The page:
Slum Upgradation Strategies from around the world

favela

Today, 330 million people in the world live in sub-standard housing. In Brazil, 11.4 million of the 190 million people resided in areas of irregular occupation. But, policy responses to deal with these settlements have evolved in Brazil in the last 30 years from evictions under the military dictatorship to Progama de Aceleração do Crescimento(PAC), an investment program aimed to develop basic amenities in these settlements. Peru in Latin America was a pioneer in using tenure regularization as a tool for dealing with urban informality. World Bank studies show that the provision of basic services along with secure land tenure leads to substantial private investment in home construction – on average, each $1 invested in infrastructure generates $7 of household investment. But, in cities as dynamic as Rio, these programs need to be complemented by redevelopment strategies to build the city for future. Morar Carioca is a similar redevelopment program which aims to upgrade the settlements where tenure security is high and ameneties are provided for, but aims to resettle other favela residents into housing provided by Morar Carioca.

Looking for model slum redevelopment projects around the world show that an effective scalable solution comprises of attractive incentives for primary stakeholders, incorporates affordability in provision of services and takes into account the dynamic growth of the city. Here are some of the examples from around the world which demonstrate some of these aspects of successful slum revitalization.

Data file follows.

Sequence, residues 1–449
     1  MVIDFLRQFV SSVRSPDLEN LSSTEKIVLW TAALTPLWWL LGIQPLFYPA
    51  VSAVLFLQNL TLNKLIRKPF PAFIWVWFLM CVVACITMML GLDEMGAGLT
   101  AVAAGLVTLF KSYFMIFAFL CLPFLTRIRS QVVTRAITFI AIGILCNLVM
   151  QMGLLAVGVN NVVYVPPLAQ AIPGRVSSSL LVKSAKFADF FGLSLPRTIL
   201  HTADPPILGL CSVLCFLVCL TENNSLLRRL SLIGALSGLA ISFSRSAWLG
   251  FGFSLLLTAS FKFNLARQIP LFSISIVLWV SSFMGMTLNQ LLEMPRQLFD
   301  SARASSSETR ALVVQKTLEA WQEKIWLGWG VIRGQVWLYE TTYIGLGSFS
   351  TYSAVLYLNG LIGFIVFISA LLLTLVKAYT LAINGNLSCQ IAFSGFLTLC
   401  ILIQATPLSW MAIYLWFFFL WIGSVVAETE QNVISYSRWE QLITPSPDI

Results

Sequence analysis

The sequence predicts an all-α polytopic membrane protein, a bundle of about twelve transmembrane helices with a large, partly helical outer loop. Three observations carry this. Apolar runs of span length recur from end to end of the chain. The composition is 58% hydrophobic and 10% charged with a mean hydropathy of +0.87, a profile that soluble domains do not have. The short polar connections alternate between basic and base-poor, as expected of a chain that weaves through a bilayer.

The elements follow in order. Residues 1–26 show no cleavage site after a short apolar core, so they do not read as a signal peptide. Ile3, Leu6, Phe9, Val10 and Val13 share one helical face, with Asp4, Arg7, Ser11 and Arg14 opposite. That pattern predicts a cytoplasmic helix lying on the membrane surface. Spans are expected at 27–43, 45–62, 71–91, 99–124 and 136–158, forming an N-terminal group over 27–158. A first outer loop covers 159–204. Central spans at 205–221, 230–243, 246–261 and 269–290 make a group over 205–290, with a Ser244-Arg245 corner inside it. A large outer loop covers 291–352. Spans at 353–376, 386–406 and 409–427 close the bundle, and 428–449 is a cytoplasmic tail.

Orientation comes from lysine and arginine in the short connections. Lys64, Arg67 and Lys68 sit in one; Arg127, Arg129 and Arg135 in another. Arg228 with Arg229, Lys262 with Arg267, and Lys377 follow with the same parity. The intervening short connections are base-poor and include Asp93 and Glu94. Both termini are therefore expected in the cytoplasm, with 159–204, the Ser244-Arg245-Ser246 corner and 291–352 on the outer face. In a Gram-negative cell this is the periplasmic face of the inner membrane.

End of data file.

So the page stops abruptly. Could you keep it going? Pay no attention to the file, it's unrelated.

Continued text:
In Dharavi, state government conceptualized a unique program called Slum Redevelopment Scheme (SRS) which aimed at in-situ redevelopment to create better ameneties, as the conventional wisdom of property titles found few takers. Hence. It aimed to use strategic densification to accommodate not only existing slum dwellers but also shelter incoming flux of migrants. This approach differed from earlier projects which only provided for existing residents. Private entities were provided incentives for investment through a mix of subsidies and through a profit sharing arrangement. They were given selling rights for additional dwellings, that remained after existing migrants were accommodated. Ensuring that redevelopment projects are treated as financially viable projects instead of as welfare project, has ensured its long term sustainability. Also, in-situ redevelopment ensured that livelihoods are not lost. Earlier redevelopment projects had resulted in displacement of existing communities to city peripheries and had built suspicion among residents. The involvement of neighborhood association in planning and the prospect of higher land value were used to attract skeptical residents

In Villa El Salvador, Lima unused and mis-used public spaces were reclaimed to provide amenities to slum residents. The Alameda de los Jardines project envisages building a water treatment plant to treat household grey water from the slum households in a land which was previously used a dumping site. Its vertical location is strategic as the semi-treated water from that plant could be used for horticulture purposes and is aimed to be used for a park located just below it. Such strategies not only reduce the cost of pumps to transfer the water and watering the park, but also give vibrancy to a squatter community.

With the recent scandal implicating construction industry, low cost methods to rejuvenate the city of Rio can prove very useful for Rio ahead of Olympics 2016.

Sneha Rao
MPP’16

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